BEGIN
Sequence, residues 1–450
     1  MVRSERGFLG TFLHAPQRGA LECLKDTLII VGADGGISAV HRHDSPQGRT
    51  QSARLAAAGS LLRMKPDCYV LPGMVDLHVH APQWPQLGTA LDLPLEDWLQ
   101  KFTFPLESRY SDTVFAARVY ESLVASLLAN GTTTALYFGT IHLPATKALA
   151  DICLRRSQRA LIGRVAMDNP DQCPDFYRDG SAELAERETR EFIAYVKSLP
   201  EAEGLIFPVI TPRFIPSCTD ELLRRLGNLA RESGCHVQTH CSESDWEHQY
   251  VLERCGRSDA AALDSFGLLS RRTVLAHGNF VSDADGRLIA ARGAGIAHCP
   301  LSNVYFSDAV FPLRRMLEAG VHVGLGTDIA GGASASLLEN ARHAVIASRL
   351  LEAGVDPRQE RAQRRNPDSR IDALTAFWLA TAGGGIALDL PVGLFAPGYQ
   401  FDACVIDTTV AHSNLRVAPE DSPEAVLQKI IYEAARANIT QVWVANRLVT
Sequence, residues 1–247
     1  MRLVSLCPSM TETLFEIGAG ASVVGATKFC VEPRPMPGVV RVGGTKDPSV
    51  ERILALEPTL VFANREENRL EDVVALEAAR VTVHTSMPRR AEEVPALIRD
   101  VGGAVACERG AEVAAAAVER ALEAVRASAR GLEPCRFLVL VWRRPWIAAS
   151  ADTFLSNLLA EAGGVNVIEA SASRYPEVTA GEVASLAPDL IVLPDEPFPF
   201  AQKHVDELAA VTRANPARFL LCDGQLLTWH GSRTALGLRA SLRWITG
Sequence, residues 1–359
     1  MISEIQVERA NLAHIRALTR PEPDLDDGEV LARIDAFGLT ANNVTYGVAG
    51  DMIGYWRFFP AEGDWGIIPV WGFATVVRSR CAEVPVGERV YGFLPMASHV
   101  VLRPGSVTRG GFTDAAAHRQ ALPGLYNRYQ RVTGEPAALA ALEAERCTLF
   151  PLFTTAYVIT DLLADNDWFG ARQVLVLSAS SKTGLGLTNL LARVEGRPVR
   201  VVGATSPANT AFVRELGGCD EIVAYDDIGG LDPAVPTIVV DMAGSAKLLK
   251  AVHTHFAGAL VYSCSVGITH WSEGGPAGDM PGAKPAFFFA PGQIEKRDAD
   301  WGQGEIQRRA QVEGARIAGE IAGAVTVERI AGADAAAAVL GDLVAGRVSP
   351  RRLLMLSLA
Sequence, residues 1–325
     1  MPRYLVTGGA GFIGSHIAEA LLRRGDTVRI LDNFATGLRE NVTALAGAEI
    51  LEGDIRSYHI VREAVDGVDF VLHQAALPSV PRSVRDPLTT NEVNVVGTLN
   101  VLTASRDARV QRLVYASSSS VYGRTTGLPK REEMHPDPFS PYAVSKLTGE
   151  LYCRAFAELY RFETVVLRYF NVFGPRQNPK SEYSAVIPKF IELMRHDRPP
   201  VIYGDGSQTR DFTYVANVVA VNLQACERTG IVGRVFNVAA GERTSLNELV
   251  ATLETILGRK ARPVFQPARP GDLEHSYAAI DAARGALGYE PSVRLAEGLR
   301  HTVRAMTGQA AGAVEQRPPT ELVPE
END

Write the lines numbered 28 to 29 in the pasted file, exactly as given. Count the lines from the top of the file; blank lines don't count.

    51  LEGDIRSYHI VREAVDGVDF VLHQAALPSV PRSVRDPLTT NEVNVVGTLN
   101  VLTASRDARV QRLVYASSSS VYGRTTGLPK REEMHPDPFS PYAVSKLTGE